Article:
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c++ - Maintainability issue with this vector implementation

问题描述:

I have a question concerning the right/wrong (design) approach to tackle a problem. First I clarify the situation, then my solution and finally the problem with my solution. I'm implementing it in c++.

The situation:

  • A class of type y needs to hold and process a collection of information of a certain type x.
  • Each instance of this type is only relevant to a specific object.
  • An object should be able to do 3 things: look up information about the instance that is relevant to it, delete the instance and add a new instance.

I implemented the following:

  • All the information is kept in a vector 1.
  • Other objects have the index of the element in the vector to find the correct instance.

    However what if I delete an element? indexes should still be valid so I did this:

  • Another vector 2 is kept in parallel which holds boolean values, true if an index is available for a new instance, false if it is taken. Instead of deleting the instance in vector 1 I set vector 2 to true. Now if a new instance is added it will be added to the first available position (or at the back). This way no element is ever deleted but the vector doesn't grow each time an instance is added.

The problem with this solution is:

The correct behaviour of this system is completely dependant on every object that has an index. If one handles their index bad problems will occur and it is very difficult to track where the index is badly handled.

For example: object A releases it's instance (notifies class y) but doesn't delete the index, and it continues to apply operations on the element while that index has now been assigned to another object and holds a different instance!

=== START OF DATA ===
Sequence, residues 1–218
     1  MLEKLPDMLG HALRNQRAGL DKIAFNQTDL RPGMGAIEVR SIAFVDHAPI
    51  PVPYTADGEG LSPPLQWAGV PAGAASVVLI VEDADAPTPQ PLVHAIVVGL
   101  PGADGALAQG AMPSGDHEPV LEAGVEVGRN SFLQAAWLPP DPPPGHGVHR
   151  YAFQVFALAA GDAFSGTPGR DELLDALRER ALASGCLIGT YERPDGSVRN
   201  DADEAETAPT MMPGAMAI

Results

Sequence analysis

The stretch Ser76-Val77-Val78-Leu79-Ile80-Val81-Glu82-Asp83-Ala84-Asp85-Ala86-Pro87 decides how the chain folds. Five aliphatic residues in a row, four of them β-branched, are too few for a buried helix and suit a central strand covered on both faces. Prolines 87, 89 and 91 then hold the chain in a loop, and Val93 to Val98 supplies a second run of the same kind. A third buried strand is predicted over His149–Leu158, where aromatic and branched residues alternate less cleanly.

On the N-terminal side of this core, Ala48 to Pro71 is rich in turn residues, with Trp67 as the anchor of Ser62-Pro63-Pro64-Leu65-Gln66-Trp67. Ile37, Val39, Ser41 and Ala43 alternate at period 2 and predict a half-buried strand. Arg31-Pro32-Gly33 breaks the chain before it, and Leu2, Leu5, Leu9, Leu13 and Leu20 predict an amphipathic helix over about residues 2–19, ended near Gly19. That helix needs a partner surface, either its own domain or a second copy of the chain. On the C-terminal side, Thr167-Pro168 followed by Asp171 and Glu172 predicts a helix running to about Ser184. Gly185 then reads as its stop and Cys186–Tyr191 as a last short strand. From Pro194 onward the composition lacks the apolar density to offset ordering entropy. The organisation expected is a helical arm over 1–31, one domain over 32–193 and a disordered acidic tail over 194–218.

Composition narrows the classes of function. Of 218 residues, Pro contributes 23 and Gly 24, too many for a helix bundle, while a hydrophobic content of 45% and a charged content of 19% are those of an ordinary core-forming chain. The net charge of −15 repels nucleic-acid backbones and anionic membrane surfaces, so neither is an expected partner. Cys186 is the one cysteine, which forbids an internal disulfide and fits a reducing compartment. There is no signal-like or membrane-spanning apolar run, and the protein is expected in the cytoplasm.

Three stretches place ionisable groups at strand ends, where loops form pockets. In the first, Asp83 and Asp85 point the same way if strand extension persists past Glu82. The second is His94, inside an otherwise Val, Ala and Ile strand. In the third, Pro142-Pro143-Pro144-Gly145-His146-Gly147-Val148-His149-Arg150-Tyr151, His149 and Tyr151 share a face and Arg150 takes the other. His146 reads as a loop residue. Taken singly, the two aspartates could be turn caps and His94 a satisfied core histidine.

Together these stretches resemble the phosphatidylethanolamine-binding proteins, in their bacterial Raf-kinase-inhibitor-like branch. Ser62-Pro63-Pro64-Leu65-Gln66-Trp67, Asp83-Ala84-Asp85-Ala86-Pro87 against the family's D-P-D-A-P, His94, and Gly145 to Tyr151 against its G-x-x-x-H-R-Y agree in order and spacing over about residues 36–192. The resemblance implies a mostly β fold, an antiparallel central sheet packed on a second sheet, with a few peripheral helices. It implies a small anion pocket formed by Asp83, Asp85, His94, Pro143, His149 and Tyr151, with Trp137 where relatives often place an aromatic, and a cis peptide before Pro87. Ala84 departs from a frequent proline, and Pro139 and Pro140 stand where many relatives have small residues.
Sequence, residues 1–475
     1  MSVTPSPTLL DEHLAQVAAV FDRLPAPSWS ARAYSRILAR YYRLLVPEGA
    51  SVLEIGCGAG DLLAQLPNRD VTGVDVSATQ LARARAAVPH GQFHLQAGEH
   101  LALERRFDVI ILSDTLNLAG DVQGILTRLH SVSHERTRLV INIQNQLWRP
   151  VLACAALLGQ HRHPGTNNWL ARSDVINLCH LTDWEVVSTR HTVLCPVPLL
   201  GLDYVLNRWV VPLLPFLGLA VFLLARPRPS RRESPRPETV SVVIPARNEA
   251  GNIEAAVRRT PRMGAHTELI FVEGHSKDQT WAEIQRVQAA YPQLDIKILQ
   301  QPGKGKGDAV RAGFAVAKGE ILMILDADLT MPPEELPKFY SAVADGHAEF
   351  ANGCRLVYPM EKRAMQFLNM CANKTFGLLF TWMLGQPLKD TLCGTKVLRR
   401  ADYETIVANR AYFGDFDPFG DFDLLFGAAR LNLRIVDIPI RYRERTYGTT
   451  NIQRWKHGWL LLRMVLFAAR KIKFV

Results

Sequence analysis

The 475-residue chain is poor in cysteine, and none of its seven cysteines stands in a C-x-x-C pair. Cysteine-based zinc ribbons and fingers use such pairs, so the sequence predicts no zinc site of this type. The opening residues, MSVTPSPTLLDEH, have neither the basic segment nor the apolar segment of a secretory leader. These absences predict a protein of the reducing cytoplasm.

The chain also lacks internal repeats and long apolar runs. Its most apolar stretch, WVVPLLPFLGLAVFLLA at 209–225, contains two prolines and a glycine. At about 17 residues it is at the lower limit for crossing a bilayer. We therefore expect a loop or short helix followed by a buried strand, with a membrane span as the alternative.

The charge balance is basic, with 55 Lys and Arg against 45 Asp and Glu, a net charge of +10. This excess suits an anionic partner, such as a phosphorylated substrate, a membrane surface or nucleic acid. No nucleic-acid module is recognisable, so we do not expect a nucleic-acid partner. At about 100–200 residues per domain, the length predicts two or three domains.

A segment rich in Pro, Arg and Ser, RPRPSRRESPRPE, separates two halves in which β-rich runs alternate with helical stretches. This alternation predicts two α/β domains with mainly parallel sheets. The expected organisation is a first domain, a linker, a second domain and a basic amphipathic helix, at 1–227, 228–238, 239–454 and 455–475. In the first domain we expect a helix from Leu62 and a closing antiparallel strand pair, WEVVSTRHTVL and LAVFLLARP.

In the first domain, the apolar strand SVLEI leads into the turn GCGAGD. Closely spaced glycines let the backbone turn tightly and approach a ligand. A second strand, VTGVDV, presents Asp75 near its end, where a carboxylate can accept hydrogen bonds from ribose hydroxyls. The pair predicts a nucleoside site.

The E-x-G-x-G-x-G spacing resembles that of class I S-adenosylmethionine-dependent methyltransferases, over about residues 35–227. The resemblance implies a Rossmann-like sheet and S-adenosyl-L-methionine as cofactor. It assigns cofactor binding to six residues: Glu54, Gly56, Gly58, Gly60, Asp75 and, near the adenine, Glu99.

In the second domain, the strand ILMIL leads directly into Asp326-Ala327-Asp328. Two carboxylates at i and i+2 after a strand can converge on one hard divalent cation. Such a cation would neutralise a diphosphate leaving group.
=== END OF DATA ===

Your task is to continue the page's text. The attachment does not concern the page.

So I am looking for a more reliable solution, possible a better data structure. Thank you.

EDIT: I thought a description would be the most helpful but here is the code from that class that holds the data.

these are the vectors.

std::vector<bool> availability;

std::vector<X> data;

and here are the methods

Y::Y() : data(1, X), availability(1, false) {

}

int Y::createNewInstance() {

if(data.size() > 1) {

bool indexFound = false;

std::vector<X>::size_type chosenIndex;

for(std::vector<X>::size_type i = 1; i < availability.size(); ++i) {

//if true, the index is not taken, so use it!

if (availability.at(i) == true) {

chosenIndex = i;

availability.at(chosenIndex) = false;

indexFound = true;

break;

}

}

if (indexFound) {

data.at(chosenIndex) = X;

return chosenIndex;

} else {

data.push_back(X);

availability.push_back(false);

return availability.size() - 1;

}

} else {

startTimes.push_back(X);

availability.push_back(false);

return availability.size() - 1;

}

}

X Y::getDataElement(int index, bool finish) {

if (data.size() > index && index != 0) {

//if finish is true, make element available for other users

if(finish) {

availability.at(index) = true;

}

return data.at(index);

}

}

网友答案:

What about using std::map as your container, where keys will be your indices. You won't have problems with changing indices while removing elements. You will need to write one function like findFreeIndex to manage free indices. If you don't need to add elements in "free" space you don't even need this. You can simply always add new elements in maximal index plus one.

This solution has minor performance penalty, as accessing map is little slower than accessing vector, but usually this is not a problem.

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